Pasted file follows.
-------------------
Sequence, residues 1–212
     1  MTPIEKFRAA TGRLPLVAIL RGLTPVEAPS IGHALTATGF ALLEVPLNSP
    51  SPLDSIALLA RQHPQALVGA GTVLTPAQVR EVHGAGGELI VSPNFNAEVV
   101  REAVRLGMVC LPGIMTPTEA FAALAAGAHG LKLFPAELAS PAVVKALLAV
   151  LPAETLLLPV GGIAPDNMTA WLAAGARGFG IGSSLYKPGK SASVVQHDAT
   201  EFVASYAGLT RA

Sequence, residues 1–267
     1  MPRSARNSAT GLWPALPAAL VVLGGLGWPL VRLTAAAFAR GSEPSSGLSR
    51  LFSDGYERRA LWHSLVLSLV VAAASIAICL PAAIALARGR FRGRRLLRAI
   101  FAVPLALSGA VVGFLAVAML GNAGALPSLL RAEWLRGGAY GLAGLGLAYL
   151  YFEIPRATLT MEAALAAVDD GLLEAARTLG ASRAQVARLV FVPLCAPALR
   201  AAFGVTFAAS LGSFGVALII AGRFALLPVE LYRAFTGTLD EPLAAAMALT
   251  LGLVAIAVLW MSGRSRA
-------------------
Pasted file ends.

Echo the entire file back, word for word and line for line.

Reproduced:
Sequence, residues 1–212
     1  MTPIEKFRAA TGRLPLVAIL RGLTPVEAPS IGHALTATGF ALLEVPLNSP
    51  SPLDSIALLA RQHPQALVGA GTVLTPAQVR EVHGAGGELI VSPNFNAEVV
   101  REAVRLGMVC LPGIMTPTEA FAALAAGAHG LKLFPAELAS PAVVKALLAV
   151  LPAETLLLPV GGIAPDNMTA WLAAGARGFG IGSSLYKPGK SASVVQHDAT
   201  EFVASYAGLT RA

Sequence, residues 1–267
     1  MPRSARNSAT GLWPALPAAL VVLGGLGWPL VRLTAAAFAR GSEPSSGLSR
    51  LFSDGYERRA LWHSLVLSLV VAAASIAICL PAAIALARGR FRGRRLLRAI
   101  FAVPLALSGA VVGFLAVAML GNAGALPSLL RAEWLRGGAY GLAGLGLAYL
   151  YFEIPRATLT MEAALAAVDD GLLEAARTLG ASRAQVARLV FVPLCAPALR
   201  AAFGVTFAAS LGSFGVALII AGRFALLPVE LYRAFTGTLD EPLAAAMALT
   251  LGLVAIAVLW MSGRSRA